This is what makes the debate over the meaning of natural-born citizen so hilarious. The Constitution is dead. The left killed it over the course of half a century, going back to the 1962 school-prayer decision. And we’re running around in circles trying to decipher a phrase which will probably never be defined, definitively.
This is a game conservatives can’t win.
The left controls the law schools from which lawyers and future judges issue. (It decides the curricula, like Critical Legal Studies.) It controls the media which shapes the culture that molds activist judges, and then misreports what the courts are doing.
And it controls public education, which refuses to teach American history, including the Constitution. A survey for Constitution Week in 1997 found that two-thirds of Americans couldn’t name the three branches of government, and 84% thought the phrase “all men are equal” is in the Constitution. (It’s “all men are created equal” and it’s in the Declaration of Independence.)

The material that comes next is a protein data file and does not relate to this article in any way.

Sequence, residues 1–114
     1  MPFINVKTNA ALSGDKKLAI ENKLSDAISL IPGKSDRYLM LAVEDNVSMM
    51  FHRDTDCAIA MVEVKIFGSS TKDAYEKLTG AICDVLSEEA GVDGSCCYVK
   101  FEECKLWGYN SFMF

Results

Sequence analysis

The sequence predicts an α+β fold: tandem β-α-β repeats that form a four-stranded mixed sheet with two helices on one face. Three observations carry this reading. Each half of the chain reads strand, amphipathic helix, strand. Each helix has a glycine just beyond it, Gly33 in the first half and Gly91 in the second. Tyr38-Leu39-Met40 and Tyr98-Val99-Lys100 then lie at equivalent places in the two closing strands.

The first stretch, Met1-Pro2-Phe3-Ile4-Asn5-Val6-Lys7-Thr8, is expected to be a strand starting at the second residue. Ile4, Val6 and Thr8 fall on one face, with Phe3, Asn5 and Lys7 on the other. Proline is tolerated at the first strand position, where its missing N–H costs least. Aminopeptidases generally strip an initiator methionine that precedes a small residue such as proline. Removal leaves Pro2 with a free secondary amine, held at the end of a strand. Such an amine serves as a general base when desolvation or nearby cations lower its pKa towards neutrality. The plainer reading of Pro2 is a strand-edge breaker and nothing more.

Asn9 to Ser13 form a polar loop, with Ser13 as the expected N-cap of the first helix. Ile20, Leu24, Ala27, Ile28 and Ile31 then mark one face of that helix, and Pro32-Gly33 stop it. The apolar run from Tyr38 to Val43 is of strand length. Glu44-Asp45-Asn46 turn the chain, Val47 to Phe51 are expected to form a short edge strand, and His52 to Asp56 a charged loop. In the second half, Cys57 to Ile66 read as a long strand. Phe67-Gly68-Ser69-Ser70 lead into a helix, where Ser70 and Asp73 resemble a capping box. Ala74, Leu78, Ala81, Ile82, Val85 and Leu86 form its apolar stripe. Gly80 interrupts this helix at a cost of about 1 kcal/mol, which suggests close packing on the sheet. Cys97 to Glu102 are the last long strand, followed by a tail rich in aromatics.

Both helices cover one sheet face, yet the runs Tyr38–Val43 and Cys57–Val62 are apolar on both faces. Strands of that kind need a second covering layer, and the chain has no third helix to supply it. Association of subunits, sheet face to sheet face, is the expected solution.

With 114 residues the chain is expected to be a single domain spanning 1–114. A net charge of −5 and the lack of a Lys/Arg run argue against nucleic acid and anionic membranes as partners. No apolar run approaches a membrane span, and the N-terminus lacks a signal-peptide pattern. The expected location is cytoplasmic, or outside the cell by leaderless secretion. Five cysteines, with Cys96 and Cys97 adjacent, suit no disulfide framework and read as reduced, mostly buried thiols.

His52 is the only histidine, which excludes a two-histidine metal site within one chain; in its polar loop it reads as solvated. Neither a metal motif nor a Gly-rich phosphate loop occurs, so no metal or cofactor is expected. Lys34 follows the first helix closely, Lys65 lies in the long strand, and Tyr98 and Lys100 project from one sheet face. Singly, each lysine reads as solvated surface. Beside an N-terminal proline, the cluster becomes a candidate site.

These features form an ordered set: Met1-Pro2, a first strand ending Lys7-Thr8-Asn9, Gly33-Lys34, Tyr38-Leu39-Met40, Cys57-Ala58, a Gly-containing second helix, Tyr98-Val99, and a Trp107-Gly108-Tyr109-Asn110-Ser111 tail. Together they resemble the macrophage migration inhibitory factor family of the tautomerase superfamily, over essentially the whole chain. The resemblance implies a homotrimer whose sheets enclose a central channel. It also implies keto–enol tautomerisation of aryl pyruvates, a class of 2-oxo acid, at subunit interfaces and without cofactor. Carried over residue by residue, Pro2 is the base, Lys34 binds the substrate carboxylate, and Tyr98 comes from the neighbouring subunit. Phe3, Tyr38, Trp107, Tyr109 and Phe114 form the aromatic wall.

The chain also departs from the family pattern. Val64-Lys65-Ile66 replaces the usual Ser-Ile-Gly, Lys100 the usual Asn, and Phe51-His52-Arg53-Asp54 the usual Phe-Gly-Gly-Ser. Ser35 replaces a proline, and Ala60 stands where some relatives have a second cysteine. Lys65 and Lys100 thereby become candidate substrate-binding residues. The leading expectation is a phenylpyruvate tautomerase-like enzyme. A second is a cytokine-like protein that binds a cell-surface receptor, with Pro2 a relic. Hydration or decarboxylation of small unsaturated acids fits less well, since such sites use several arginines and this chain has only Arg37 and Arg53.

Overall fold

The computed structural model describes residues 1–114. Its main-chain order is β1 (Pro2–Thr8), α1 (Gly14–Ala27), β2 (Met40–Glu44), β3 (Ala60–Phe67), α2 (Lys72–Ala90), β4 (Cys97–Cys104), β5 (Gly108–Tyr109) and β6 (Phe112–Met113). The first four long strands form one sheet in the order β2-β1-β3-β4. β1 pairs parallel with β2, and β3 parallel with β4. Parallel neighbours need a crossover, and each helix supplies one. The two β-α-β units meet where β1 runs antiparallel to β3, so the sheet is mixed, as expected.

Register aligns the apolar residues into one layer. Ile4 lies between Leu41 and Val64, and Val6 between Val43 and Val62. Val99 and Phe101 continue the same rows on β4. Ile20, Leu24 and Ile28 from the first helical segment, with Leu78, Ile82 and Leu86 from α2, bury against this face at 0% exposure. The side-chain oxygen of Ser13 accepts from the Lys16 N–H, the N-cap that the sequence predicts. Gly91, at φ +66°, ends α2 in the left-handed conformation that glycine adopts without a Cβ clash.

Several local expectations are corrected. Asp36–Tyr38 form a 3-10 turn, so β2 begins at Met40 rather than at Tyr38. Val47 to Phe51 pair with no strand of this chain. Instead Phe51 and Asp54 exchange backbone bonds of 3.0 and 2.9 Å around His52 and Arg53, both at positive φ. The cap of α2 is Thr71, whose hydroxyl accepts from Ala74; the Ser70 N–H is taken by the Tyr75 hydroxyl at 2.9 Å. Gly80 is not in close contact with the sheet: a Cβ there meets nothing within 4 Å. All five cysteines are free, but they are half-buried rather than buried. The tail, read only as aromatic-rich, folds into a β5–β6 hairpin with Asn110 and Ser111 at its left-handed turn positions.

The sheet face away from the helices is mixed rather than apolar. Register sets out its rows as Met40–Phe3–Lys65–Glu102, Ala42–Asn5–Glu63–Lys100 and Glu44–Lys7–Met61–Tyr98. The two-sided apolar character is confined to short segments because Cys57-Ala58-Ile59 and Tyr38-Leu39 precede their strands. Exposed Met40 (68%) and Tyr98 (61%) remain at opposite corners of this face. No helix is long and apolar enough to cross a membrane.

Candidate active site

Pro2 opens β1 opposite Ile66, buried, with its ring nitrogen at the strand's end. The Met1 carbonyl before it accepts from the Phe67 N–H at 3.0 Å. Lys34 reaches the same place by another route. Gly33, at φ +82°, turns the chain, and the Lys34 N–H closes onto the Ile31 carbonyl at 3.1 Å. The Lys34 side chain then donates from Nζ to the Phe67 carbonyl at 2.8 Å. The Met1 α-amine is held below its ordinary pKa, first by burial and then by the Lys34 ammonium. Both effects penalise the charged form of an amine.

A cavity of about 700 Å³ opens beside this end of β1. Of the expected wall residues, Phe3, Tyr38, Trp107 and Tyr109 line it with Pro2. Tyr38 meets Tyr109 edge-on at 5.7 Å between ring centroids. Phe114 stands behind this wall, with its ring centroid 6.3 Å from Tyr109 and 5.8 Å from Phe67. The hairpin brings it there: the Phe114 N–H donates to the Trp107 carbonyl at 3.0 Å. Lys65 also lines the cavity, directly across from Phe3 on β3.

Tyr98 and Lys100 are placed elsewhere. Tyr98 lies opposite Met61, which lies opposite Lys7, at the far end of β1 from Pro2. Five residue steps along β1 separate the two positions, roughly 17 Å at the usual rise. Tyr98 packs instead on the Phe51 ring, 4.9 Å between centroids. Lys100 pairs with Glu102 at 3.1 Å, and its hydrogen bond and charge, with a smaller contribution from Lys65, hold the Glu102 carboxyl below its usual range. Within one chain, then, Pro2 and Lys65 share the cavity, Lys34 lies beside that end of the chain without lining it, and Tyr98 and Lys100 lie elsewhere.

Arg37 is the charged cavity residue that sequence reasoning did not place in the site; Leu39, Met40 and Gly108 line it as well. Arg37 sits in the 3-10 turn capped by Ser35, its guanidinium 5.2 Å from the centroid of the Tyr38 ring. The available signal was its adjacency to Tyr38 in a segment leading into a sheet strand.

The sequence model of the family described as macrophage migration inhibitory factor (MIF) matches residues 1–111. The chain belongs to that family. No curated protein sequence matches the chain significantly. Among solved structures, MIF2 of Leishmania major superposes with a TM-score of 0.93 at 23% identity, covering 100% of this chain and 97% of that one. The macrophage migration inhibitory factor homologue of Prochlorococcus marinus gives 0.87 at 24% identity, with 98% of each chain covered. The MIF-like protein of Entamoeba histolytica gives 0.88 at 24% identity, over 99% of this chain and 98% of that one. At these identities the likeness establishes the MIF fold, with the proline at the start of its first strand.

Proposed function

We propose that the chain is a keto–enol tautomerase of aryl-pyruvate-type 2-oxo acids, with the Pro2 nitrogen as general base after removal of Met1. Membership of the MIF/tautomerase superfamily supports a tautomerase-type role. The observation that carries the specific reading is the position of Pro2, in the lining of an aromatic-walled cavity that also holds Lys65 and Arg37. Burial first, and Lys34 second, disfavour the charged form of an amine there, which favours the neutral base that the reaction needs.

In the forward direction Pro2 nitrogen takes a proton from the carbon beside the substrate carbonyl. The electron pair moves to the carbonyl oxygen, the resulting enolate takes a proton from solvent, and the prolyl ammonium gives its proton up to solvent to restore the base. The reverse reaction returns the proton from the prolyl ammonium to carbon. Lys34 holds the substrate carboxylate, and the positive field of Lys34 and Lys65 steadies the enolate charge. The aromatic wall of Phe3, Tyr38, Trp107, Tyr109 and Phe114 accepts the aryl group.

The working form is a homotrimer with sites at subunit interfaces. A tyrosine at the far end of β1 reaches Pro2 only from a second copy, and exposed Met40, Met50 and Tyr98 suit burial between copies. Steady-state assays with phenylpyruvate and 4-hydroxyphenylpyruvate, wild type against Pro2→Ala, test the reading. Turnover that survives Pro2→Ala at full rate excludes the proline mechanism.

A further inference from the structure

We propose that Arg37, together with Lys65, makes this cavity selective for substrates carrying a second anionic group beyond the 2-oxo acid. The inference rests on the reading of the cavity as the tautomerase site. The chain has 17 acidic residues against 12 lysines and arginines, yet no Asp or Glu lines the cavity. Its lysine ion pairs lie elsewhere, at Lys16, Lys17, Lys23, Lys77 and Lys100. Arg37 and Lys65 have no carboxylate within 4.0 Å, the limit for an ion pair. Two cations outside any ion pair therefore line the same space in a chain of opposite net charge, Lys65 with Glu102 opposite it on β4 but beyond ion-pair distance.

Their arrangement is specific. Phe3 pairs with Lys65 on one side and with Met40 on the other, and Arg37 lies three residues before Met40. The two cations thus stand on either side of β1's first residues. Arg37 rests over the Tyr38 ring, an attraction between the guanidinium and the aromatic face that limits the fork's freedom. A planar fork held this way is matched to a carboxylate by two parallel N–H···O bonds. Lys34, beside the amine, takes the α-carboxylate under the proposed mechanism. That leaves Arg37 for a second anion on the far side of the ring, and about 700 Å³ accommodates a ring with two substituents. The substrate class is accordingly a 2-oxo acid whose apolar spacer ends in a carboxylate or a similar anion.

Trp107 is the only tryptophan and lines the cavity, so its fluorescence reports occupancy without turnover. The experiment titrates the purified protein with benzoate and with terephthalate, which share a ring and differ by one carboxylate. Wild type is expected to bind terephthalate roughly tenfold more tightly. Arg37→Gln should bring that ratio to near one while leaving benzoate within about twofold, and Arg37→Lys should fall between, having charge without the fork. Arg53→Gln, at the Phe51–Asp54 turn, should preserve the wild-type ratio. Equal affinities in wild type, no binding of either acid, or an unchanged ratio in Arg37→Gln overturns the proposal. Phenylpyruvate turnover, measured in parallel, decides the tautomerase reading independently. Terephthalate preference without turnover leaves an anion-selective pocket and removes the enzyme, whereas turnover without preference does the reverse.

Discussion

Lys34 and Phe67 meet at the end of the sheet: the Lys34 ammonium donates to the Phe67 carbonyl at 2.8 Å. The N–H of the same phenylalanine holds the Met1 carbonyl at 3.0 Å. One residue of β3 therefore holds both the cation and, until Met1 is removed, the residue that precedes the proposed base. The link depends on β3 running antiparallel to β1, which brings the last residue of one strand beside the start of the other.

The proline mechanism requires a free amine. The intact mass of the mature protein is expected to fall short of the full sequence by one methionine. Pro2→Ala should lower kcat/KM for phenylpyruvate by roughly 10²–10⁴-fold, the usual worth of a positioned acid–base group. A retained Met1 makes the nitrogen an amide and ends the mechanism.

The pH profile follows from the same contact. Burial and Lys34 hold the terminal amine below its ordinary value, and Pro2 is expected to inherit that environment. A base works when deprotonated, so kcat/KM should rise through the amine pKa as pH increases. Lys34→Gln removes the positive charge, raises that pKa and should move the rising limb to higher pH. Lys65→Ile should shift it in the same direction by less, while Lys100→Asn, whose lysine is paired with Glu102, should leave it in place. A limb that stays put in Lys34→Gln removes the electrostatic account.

The Constitution’s framers understood that even their remarkable creation was only as good as the people who would be called on to defend it. As Benjamin Franklin replied on leaving the Constitutional Convention, when asked what form of government America would have, “a Republic, if you can keep it.”
We could get the Constitution back one day. Electing someone like Ted Cruz would be a start. But even that is no assurance. We’ll need to raise up a generation — like the one that produced the Constitution — to rise to rebellion and overthrow a judicial tyranny supported by the political elite.
First published at GrassTopsUSA
The opinions expressed by columnists are their own and do not necessarily represent the views of Barb Wire.